No Ivy Leaguer
© 2007 J. McDougall
All of us have noticed as we’ve driven along in certain areas, yards and multiple yards of trees covered with the climbing vine, English Ivy. There are even places in Camano Island State Park and Camano’s Cama Beach State Park – one site visible along West Camano Drive within Cama’s boundaries – that have been invaded by the plant.
I think we perceive that the ivy planting was well-intentioned – perhaps a part of a past landscaping or enhancement effort. But soon it started pushing outward from its original point of introduction; at first growing along the ground, then just taking off and running rampant – climbing trees and pressing on over other plants – any and all items in its pathway.
Some feel the ivy was introduced more than a century ago because the vines reminded people of a landscape left behind when they emigrated to this part of the planet. Knowledgeable nursery staff would tell you English Ivy is formally dubbed Hadera helix and is a member of the Ginseng family, native to Eurasia and North Africa. It’s an attractive plant – has smooth, shiny evergreen leaves – and therefore has been widely cultivated. It definitely likes the cool moist climate of the Pacific Northwest having no natural enemies here.
Looking at the small plant in a diminutive nursery container, it is not readily obvious – hardly even conceivable at all – what the plant is capable of. Once English Ivy does escape – begins its move across the landscape and climbs trees – the plant competes for water, nutrients, and sunlight with its supportive tree or plant framework – definitely negatively impacting the latter’s healthy growth. And it can add such weight to a tree that it is far more likely to topple in a windstorm. Of course, a marvelous pre-ivy natural wildlife habitat will then be gone as well – basically choked out – and will have simply disappeared. Except for rats, that is, for about the only wildlife that seems to abide within its cover are rats who find the greenery makes for fine nesting sites!
There are areas in our state where English Ivy has so vigorously out-competed other native, natural vegetation that the habitats so devastated have become vast monocultures – places where only the ivy lives. Some have described these spots as “botanical deserts”. Others claim the areas have been overrun by the “green plague”. And as if all of the above is not enough of a sad commentary, English Ivy produces berries that can be poisonous.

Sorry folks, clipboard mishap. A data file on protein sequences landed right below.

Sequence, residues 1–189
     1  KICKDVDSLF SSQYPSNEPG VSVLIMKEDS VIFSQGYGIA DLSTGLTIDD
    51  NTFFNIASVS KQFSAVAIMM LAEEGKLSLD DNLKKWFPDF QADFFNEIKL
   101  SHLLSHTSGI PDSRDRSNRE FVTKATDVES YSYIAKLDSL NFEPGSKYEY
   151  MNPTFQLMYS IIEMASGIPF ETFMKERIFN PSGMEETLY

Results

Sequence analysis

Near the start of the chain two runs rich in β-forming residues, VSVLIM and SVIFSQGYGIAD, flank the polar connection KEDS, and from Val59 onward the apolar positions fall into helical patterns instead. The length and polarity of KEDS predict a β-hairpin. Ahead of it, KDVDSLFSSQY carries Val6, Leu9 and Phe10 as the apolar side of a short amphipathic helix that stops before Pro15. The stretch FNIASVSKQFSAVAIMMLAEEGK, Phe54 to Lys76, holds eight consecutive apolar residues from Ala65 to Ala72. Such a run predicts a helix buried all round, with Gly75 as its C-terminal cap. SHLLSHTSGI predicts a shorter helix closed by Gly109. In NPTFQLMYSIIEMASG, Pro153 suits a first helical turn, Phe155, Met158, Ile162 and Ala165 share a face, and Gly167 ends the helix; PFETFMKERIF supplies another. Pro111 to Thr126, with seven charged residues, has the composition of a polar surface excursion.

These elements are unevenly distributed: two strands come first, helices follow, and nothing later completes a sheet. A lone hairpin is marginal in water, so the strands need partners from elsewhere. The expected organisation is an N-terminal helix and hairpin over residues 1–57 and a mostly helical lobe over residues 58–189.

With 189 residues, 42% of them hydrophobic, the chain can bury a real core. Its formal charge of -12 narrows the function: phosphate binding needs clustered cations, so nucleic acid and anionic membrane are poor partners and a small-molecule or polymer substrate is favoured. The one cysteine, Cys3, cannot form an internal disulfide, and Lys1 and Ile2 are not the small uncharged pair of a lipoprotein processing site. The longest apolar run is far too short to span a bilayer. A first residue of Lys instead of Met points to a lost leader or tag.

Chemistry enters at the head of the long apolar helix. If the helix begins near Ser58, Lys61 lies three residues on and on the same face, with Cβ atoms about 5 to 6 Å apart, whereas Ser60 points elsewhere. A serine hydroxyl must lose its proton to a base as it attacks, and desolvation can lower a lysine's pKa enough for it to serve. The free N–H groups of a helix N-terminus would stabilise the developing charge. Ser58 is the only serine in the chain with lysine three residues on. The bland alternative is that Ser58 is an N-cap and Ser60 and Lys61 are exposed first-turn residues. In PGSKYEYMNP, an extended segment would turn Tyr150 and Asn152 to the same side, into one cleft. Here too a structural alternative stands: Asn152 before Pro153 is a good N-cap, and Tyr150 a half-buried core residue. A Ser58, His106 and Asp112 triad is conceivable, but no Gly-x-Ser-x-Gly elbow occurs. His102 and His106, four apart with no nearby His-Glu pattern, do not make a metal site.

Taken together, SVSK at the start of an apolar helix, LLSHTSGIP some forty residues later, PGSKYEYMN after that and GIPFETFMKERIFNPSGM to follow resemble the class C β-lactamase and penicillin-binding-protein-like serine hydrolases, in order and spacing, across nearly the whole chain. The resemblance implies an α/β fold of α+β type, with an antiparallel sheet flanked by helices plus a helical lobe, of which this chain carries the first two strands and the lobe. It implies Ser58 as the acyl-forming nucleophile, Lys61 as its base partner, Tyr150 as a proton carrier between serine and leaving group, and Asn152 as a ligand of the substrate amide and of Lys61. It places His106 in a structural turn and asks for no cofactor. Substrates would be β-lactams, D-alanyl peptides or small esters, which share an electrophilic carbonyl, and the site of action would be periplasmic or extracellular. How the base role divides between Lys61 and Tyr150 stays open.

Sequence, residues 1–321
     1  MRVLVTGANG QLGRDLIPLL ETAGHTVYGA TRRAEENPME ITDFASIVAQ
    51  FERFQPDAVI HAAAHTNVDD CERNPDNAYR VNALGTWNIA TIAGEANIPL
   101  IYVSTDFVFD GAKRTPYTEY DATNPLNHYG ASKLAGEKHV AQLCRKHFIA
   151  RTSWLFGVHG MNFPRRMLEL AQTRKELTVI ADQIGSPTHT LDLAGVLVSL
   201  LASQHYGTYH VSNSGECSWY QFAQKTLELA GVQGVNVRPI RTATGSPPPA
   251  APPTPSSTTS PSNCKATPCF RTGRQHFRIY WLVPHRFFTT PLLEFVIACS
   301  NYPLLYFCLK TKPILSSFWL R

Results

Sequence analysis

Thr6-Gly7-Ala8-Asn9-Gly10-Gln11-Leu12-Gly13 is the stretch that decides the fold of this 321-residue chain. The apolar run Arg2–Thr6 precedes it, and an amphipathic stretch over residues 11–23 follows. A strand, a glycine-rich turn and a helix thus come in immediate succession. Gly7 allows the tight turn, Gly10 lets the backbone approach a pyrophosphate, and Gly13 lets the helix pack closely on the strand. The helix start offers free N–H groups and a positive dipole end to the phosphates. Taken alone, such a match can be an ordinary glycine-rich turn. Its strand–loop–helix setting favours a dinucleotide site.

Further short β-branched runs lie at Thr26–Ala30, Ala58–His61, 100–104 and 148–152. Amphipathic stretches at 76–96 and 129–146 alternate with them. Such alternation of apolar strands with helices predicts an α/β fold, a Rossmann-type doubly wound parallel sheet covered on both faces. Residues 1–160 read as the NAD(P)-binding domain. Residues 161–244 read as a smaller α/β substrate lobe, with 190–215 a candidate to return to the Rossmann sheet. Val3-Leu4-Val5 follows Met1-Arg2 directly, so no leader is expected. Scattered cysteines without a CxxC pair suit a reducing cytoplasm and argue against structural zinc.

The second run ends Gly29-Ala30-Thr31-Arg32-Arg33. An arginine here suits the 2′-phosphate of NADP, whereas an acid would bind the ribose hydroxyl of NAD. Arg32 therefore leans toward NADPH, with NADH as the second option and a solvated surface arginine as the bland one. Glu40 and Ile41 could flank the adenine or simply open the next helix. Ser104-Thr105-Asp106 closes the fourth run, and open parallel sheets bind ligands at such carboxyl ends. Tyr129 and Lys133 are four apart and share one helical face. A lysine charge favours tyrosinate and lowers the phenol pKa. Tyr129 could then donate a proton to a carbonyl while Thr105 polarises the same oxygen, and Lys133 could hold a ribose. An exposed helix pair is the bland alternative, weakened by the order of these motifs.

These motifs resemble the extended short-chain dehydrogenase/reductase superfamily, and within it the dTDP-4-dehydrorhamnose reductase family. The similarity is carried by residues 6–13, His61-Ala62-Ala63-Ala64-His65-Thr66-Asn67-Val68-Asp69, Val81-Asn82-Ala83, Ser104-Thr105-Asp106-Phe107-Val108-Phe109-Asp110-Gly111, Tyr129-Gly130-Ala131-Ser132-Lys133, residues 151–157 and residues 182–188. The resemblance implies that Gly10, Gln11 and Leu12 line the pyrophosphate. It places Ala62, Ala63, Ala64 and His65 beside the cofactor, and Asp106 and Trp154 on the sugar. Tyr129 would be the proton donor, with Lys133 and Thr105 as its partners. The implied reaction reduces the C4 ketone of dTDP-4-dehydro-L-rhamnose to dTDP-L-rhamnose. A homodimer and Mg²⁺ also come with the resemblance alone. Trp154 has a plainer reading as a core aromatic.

Is this a plant to admire, nurture and love? Seemingly botanical evidence is not in its favor.
Most of us, as gardeners, cannot completely guarantee that a plant such as English Ivy will never escape from planting places in the future and wreak its havoc. Sure, we’ll keep an eye on it – prune it and contain it – but what if we sell the ivy-planted property at a future date? Will the new owner be as knowledgeable, watchful and as good a steward? Possibly not.
Probably it is best, therefore, to avoid planting English Ivy in the first place and help contain its possible eventual harmful spread. Clipping the vines at ankle and shoulder height on trees can help save the trees, and grunt-work removal is recommended for the rest, which can be a very difficult task. Of course, dumping the clippings and plants elsewhere is not recommended. It’s called “invasive” for good reason – for the “dumpees” can continue to propagate and spread. Be aware that this plant is now on the Washington State Noxious Weeds List and its control is required by law.
Written by Pat Nash
Beach Watcher Class ’94.
Consultation: local weed control program coordinator Susan Horton www.island.wsu.edu/weeds/index.htm
Published August 2007